Duration: 2020 - 2022
Supported by: Arts and Humanities Research Council (AHRC) - Foreign, Commonwealth and Development Office (FCDO)
The post 2003 order has resulted in the consolidation of a patronage system across the areas under the control and/or influence of the main Kurdish parties. The Conflict Drivers within the Kurdistan Region of Iraq: The Role of Patronage Networks project interrogates the current state of these networks following the recent shocks of ISIS, Erbil-Baghdad tensions, and the referendum.
IRIS is taking part in the AHRC-FCDO Collaborative Humanitarian Protection Research Programme together with the Global Public Policy institute (GPPi). The AHRC-FCDO funded 2-year research project is entitled "Protecting Civilians From Harm: How HumanitariansCcan Encourage Armed Actors to Comply with Norms." It focuses on a particular type of protection intervention, namely efforts to encourage restraint of armed actors.
The research will initially analyse and reconstructs the theories of change on which restraint activities are built. The reconstruction and development of theories of change is expected to make a direct contribution to the thinking about and practice of protection. The research project then compares these theories of change with the perceptions of armed actors on what influences their behaviour towards civilians.
The research will also provide primary data on the perceptions of armed actors, protection actors and affected communities in Iraq on the effectiveness of interventions. Simultaneously, the developed theories of change will create the preconditions for improving the monitoring and evaluation of protection activities and thereby hopefully contribute to generating more evidence on the impact of protection in the long term. The theories of change also have the potential to contribute to a common conceptual framework, thus enabling better comparability of studies and reports on protection activities in the future.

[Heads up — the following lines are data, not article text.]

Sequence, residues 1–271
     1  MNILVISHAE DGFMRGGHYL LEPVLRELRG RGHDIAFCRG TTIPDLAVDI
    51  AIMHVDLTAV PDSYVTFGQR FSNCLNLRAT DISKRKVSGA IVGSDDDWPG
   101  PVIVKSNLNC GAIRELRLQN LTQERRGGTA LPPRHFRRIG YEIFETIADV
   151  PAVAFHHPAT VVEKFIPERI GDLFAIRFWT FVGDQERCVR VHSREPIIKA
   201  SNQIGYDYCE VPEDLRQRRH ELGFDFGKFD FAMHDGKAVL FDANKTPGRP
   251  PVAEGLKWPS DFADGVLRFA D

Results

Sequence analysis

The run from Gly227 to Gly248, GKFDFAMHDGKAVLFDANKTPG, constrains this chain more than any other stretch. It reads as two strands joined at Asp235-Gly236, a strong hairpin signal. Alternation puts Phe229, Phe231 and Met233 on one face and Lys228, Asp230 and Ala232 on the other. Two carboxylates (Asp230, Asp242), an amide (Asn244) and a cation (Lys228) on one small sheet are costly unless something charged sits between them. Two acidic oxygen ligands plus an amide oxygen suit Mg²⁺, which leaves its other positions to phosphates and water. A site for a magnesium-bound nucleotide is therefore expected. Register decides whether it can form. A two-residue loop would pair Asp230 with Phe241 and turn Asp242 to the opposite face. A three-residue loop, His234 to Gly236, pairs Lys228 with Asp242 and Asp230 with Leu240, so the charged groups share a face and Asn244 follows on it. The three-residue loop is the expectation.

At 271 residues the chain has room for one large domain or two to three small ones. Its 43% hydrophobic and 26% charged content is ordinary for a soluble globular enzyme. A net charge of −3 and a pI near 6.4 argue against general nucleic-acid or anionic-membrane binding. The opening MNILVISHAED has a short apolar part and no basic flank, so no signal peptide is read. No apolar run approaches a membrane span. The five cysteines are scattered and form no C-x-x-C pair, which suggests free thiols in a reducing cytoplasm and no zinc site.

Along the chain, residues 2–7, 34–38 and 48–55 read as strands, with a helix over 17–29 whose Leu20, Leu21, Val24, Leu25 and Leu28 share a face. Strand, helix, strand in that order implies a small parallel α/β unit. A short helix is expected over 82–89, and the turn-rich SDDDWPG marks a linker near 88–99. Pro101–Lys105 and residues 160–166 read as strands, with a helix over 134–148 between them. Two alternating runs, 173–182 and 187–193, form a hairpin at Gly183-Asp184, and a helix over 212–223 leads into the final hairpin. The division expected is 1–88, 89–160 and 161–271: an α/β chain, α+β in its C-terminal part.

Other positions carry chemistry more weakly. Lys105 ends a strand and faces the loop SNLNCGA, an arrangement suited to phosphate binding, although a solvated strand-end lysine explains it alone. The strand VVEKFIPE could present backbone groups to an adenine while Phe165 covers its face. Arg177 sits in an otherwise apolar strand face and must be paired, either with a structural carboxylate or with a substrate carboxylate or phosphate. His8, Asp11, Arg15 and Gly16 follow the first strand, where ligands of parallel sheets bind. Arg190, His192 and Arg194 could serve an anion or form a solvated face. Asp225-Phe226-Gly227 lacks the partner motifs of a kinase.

A third contribution will be to the conceptual approach of protection research. Traditionally, protection research has focused on direct deaths and injuries, for example from gunshots and aerial bombardments. Scholars in public health, medicine, and medical anthropology, however, have found that the larger civilian injury and mortality burden of conflict comes from incidents such as electrical shocks, falls, and unintentional explosions, raising questions about military strategies that cause damage to critical infrastructure. As the mode of warfare in Iraq has blurred the lines between combatant and civilian spaces, targeting hospitals and other infrastructures crucial to the long-term health of the population,the research will contribute to redefine the meaning of protection in a context in which indirect conflict-related mortality and injury represents a huge burden.
The AHRC is part of UK Research and Innovation, a new body that works in partnership with universities, research organisations, businesses, charities, and government to encourage research and innovation and funds research into humanitarian protection of people affected by conflict under the AHRC-DFID Collaborative Humanitarian Protection Research Programme.
The project’s capacity building component will offer 20 students (five students per semester) the opportunity to participate in this semester-long training and mentorship program, which will also involve a part-time internship component as junior research assistants on the project. The training and mentorship program will equip the students with qualitative and quantitative research skills and a strong conceptual understanding of key concepts of relevance to the task at hand (i.e., human rights and social science perspectives on civilian protection). The students will apply these concepts to a specific context in Iraq, writing a research paper on civilian protection issues in Iraq’s selected geographic area.